Rousey-Dick shares Doolen’s pride in the caliber of their home state’s equestrians.
“There’s a lot of talent up here,” Rousey-Dick said, “and because it’s so difficult and expensive to have hunters and jumpers in Alaska, the people who do it take it very seriously. So I think they put out even more effort than a lot of people in this sport.”
She added that because there are only a handful of hunter/jumper shows in Alaska each summer, every show is particularly meaningful to the riders.
Born and raised on a large Alaska horse ranch, Rousey-Dick eventually began taking hunter seat lessons. In the early 1980s, she entered Marymount College, near her former Alaska hunter/jumper trainer’s breeding enterprise in California.
Rousey-Dick, now 45, worked at that facility, then moved to Huntington Beach for a five-year stint as assistant trainer and barn manager for Victor Hugo-Vidal, who had a long history of bolstering Alaska’s hunter/jumper industry with quality horses and expert instruction during his frequent visits.
Rousey-Dick then met her future husband. “He had always wanted to move to Alaska,” Rousey-Dick said, “so I said ‘OK,’ since I still had family here and figured I could do horses back here, too.”
That was 20 years ago, and Rousey-Dick has indeed been “doing horses” in Alaska ever since. Currently, she’s the head trainer at Sindorf Equestrian Centre in the Palmer-Wasilla area. Sindorf, which opened in 2005, is backed by a corporation created by 10 women (including Rousey-Dick), each of whom brings different talents and expertise to the table.
Most of the 10-acre property was donated by Marion Sindorf, whose granddaughter, Rachel, is assistant trainer.
Sindorf features an 80' x 180' indoor arena, a 120' x 240' outdoor arena, 26 12' x 12' stalls, two heated wash racks, a large tack room, spacious office, seven turnout pens and trails dotted with cross-country jumps.
Rousey-Dick is one of the few trainers in Alaska engaged full-time in her profession.
“This is a difficult business to start with,” Rousey-Dick noted, “any place you go. Up here, what also makes it hard is the limited number of facilities that you can work out of year-round and the huge expense involved.”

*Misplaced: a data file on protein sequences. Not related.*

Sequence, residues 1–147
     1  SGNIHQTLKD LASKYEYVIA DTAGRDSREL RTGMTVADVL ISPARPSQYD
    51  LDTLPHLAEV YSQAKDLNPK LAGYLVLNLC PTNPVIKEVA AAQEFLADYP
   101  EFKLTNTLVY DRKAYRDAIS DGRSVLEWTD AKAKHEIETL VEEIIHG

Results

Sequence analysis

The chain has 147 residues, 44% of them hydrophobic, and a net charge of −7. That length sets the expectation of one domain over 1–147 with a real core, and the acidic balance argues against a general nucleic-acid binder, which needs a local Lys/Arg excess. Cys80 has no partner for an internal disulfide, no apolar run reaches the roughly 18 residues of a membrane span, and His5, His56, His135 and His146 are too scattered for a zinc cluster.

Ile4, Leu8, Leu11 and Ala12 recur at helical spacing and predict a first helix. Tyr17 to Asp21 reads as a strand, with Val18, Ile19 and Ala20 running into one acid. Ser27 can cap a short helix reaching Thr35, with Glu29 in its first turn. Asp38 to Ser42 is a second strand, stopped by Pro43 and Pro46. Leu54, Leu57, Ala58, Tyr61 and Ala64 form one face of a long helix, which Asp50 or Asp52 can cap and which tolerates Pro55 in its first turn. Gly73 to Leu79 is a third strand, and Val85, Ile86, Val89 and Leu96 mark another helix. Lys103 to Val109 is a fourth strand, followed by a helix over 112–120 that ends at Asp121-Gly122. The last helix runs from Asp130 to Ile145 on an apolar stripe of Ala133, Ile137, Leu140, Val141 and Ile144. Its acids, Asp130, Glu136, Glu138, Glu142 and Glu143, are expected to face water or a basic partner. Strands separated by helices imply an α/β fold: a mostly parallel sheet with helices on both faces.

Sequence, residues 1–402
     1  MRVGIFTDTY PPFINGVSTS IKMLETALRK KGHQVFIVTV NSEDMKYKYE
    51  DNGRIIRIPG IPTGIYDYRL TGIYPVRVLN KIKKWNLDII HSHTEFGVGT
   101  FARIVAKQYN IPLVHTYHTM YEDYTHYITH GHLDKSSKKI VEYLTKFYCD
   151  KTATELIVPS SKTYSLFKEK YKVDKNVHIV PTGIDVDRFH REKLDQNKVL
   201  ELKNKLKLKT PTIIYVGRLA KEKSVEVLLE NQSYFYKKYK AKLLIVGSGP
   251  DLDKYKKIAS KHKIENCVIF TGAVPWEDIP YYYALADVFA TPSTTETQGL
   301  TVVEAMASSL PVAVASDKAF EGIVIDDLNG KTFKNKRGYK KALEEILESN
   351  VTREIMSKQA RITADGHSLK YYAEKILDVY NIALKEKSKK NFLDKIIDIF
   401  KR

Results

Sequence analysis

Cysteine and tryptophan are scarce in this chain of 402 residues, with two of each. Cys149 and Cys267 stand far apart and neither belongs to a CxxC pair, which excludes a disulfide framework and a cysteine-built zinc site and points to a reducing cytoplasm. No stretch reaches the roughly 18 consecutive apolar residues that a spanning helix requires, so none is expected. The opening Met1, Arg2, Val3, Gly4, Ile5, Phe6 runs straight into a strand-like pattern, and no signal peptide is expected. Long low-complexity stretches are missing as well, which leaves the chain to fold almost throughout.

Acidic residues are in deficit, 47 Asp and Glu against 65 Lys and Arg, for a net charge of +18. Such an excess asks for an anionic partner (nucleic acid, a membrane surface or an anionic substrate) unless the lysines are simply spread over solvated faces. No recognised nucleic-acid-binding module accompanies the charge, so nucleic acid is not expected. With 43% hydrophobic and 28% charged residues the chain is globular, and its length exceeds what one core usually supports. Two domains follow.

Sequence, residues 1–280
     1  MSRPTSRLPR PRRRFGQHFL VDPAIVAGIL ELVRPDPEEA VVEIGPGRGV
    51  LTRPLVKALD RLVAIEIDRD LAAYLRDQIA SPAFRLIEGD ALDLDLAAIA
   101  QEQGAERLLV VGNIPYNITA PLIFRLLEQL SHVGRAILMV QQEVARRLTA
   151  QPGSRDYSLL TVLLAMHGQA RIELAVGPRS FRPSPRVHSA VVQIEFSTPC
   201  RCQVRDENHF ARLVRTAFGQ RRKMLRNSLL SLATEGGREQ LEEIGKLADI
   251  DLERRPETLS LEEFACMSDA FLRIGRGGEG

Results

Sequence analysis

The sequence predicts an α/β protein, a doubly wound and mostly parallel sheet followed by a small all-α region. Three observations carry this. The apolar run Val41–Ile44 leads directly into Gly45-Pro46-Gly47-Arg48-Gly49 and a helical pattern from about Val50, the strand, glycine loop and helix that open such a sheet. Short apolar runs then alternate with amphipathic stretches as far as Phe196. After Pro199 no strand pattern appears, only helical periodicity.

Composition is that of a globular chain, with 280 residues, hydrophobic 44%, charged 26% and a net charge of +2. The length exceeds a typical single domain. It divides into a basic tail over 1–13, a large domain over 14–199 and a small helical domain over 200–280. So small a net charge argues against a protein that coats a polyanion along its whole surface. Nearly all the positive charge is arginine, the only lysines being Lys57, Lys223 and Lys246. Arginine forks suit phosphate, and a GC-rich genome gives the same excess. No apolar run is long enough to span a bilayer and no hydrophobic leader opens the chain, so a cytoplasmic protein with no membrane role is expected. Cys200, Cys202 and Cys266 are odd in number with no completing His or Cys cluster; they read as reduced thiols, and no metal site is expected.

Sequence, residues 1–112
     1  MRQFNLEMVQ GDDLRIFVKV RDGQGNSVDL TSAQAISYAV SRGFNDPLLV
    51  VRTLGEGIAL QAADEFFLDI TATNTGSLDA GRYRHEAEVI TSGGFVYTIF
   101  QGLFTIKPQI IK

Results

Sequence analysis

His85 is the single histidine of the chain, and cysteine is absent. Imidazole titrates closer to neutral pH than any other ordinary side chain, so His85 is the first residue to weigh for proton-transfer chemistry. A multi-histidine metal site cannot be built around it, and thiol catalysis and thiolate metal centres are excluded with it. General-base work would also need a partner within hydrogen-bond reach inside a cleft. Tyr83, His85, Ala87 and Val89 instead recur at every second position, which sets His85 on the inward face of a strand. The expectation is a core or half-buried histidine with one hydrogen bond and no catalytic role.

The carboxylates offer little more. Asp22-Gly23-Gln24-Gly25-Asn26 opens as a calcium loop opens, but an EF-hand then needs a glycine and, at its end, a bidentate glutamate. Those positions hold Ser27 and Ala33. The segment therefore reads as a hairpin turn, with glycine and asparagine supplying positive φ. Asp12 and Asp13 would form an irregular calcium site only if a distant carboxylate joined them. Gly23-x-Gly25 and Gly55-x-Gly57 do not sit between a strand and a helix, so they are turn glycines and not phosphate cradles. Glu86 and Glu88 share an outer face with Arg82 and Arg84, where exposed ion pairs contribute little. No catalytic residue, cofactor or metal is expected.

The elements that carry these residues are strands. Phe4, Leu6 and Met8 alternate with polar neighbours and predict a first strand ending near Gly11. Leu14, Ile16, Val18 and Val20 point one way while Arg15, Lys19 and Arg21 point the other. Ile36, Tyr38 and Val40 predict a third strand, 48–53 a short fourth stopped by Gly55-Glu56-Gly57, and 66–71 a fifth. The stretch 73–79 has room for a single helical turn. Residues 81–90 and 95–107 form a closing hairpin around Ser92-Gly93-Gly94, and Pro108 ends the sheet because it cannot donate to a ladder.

Selecting the right horse is especially key in Alaska, where many riders own just one mount, and often that horse is asked to perform double duty as both a hunter and a low- to mid-level jumper. For sale horses, Rousey-Dick takes customers to Washington, Oregon or California. Some Alaska trainers also travel to British Columbia.
“We try to stay on the West Coast,” Rousey-Dick explained, “because shipping from anywhere else is so astronomically expensive.”
The most common breed in Alaska right now is probably the Thoroughbred, said Rousey-Dick. “But that’s not always the case,” she added. “It’s usually kind of an eclectic mix. For a while, we had a wave of warmbloods.”
Progress Is Evident
Rousey-Dick is optimistic about the future of hunters and jumpers in Alaska.
“Every year,” she noted, “it gets better. All the shows keep trying to step it up to a better quality, like offering the modified hunter derbies. We’re trying to get that going here so we don’t get left behind.”
The riders and horses at the Alaska USEF-rated shows definitely look and ride the part, from sartorial properness to braided manes and tails and overall polish.
“It’s such a sport of discipline that I think everyone needs to learn it [and it]shouldn’t be taken lightly,” Rousey-Dick said. “It’s a privilege. The horses require a certain level of care, and they should be turned out a certain way. We shouldn’t be lackadaisical about it.”
Jaimie Thurman is head trainer at Diamond H Ranch in Ancho-rage, one of four major show barns in that city. (The others include Sindorf, Eaton Equestrian Centre and Huffman Horse Center).
Like Rousey-Dick, Thurman was born and raised in Alaska. And like Rousey-Dick, she experimented with training outside—Washington, in Thurman’s case—but came back home.
Thurman, who now lives in Wasilla, is married. Her 2-year-old twin daughters, Brooklyn and Devon, already compete in leadline. Their busy mother teaches riding three days a week, trading off with an assistant trainer at Diamond H.